I was thinking about my plagiarism rant the other day, when I came across a Yahoo! News story regarding Dutch Muslim Hirsi Ali.
If you haven't heard of Ayaan Hirsi Ali, then more than likely you've heard of Theo van Gogh, the Dutch filmmaker who was shot to death on the streets of Amsterdam by Mohammed Bouyeri, a Dutch Muslim who was part of a group upset at van Gogh's directing of Ali's short film, "Submission." Bouyeri shot van Gogh eight times, then for added good measure, slit his throat, stabbed him in the chest, and left two knives lodged there, one of which pinned a five-page manifesto from Bouyeri's group, the Hofstad Network. The note text can be found here.
Partly because "Submission" was a short piece written in regards to the violence that can follow Muslim women. The piece showed passages unfavorable to women from the Koran. In the film, the words were projected on a woman's semi-naked body, a woman who had just been beaten and raped by a relative. The film's purpose was to expose the treatment of Muslim women, and hopefully begin a dialogue to change certain tenets of the Muslim faith, a Muslim Reformation, if you will.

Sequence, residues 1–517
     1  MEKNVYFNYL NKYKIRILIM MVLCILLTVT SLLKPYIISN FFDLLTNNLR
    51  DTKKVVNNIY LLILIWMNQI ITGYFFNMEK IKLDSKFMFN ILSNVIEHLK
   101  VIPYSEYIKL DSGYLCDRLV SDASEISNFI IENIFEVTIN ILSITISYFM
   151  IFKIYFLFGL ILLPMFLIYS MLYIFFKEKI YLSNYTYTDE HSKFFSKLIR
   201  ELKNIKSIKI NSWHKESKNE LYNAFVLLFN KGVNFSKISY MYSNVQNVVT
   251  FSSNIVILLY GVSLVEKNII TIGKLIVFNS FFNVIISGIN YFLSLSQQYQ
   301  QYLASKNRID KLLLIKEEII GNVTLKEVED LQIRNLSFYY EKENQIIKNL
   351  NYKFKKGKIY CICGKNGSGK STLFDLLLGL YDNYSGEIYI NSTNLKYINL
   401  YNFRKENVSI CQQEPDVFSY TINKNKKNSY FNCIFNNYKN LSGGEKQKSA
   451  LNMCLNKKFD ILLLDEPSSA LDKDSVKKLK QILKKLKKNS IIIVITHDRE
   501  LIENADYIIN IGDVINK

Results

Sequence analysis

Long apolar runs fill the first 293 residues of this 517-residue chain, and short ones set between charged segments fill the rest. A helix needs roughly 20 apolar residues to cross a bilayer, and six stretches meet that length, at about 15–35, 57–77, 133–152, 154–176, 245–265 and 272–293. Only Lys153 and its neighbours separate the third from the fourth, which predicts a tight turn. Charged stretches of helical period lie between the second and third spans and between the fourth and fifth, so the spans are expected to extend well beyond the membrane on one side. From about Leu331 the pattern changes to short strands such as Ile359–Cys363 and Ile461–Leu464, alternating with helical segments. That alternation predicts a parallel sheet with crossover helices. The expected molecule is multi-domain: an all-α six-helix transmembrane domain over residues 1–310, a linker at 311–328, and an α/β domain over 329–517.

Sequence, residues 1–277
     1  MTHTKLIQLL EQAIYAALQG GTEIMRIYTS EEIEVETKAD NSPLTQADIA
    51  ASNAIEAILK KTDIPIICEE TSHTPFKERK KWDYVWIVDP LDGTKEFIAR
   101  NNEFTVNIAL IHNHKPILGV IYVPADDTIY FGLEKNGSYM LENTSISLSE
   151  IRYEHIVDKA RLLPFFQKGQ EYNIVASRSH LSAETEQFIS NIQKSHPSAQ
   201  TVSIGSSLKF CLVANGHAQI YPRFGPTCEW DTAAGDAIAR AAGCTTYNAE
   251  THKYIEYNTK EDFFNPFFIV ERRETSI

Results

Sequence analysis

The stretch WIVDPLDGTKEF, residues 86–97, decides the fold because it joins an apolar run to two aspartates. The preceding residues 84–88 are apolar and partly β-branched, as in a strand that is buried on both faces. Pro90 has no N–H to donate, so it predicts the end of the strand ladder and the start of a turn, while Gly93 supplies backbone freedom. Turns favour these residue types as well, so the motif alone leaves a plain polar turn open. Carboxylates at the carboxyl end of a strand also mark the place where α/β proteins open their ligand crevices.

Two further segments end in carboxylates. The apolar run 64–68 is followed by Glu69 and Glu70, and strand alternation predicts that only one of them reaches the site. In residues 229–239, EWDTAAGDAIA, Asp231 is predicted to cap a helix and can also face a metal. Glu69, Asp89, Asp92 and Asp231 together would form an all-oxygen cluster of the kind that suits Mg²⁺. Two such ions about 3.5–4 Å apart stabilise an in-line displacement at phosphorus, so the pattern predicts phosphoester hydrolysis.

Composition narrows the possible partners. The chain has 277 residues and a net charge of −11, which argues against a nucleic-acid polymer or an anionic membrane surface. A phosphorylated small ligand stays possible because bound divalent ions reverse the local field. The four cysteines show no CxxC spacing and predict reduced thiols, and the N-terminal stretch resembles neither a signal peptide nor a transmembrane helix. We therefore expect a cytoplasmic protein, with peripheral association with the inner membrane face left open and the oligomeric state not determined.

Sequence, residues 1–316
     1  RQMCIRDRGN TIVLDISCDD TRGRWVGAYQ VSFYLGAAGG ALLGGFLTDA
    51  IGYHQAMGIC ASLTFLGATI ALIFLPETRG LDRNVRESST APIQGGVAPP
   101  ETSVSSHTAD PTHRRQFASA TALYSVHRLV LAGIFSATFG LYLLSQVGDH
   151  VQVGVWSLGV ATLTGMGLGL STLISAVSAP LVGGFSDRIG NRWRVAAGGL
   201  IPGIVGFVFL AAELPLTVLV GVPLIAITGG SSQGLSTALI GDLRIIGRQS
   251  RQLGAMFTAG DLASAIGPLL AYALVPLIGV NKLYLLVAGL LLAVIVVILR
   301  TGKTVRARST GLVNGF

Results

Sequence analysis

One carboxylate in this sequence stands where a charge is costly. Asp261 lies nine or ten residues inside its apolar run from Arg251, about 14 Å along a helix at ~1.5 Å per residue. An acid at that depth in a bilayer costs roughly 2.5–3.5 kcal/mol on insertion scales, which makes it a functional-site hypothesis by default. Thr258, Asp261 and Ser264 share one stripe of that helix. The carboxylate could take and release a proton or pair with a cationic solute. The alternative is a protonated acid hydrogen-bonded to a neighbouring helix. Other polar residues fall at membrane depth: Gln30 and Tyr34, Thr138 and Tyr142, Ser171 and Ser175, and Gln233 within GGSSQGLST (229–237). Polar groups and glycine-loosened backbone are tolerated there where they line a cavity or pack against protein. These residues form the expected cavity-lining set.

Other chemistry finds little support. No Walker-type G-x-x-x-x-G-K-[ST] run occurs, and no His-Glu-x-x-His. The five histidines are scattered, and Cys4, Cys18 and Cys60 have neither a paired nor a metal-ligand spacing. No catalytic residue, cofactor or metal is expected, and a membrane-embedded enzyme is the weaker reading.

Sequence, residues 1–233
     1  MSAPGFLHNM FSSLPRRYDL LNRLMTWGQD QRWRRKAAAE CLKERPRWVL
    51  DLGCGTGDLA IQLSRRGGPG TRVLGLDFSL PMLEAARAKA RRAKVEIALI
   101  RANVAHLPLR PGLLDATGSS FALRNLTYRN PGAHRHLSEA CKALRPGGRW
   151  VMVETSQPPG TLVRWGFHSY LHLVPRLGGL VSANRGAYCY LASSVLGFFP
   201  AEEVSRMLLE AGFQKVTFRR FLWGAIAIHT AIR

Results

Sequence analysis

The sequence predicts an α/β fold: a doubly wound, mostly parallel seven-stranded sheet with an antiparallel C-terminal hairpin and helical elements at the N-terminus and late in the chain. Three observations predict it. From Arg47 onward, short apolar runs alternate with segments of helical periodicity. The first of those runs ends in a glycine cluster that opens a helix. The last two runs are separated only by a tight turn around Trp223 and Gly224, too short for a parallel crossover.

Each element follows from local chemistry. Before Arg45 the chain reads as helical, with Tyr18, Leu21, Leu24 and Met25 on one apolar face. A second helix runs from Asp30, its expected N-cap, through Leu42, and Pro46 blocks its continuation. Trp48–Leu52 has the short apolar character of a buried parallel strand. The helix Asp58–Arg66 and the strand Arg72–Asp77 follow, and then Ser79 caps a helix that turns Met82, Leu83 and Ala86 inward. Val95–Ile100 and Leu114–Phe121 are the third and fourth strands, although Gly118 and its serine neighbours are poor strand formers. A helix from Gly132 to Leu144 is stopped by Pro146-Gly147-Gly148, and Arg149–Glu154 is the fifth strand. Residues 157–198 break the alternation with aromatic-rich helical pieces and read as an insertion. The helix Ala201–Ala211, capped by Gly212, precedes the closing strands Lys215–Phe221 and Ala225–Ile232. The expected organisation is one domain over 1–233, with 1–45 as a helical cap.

After van Gogh's death (he was the great-grandson of Theodore van Gogh, artist Vincent van Gogh's brother), Ali went into hiding for fear of her own life. Her story is one of a Somali woman who was pawned off in marriage by her politician father to a Canadian cousin. Instead of going to Canada, Ali made her way to the Netherlands, eventually becoming an atheist, an outspoken critic of Islam and urger of reform, and a member of the Dutch Parliament. She has written several books, and a new one, The Caged Virgin : An Emancipation Proclamation for Women and Islam, comes out tomorrow while Ali is coming to the States to promote her work. A work that can literally get her killed, maybe with a few knives stuck in her chest or maybe something else even more heinous just to make a point.
Whatever one may feel about Ali and her work, whether it's too over the top, unbalanced or one-sided, at least she speaks out regardless of the danger to her own self and safety. Which sorta brings me back to my original rant about plagiarism.
Writing can get you murdered.
Writing can get you hunted.
Writing can topple goverments and cause powerful men to fall.
Wrecking the sanctity of writing and getting published and telling a story by fabricating or stealing other people's stuff is like betraying all the writers who died risking their necks to make people free or convince people of another way. So when I personally hear of people plagiarising (and truthfully getting hundreds of thousands of dollars to do so), it gets my hackles up.
Not all writing is sacred or even good (hey, I'm a case in point), nor here nor there. But I figure if it gets to the point that you are published in a book or a journal or even on the web, then it better be original and it better be yours or it better be attributed, cause writing can get you murdered and ultimately, that's no laughing matter.